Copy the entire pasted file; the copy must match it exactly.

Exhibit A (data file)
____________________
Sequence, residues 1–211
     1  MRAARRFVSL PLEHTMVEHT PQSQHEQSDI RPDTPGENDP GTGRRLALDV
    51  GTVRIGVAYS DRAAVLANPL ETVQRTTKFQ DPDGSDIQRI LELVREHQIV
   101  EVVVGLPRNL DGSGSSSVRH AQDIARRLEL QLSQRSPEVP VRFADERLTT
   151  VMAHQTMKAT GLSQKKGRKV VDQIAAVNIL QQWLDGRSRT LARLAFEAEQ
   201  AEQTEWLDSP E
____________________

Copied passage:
Sequence, residues 1–211
     1  MRAARRFVSL PLEHTMVEHT PQSQHEQSDI RPDTPGENDP GTGRRLALDV
    51  GTVRIGVAYS DRAAVLANPL ETVQRTTKFQ DPDGSDIQRI LELVREHQIV
   101  EVVVGLPRNL DGSGSSSVRH AQDIARRLEL QLSQRSPEVP VRFADERLTT
   151  VMAHQTMKAT GLSQKKGRKV VDQIAAVNIL QQWLDGRSRT LARLAFEAEQ
   201  AEQTEWLDSP E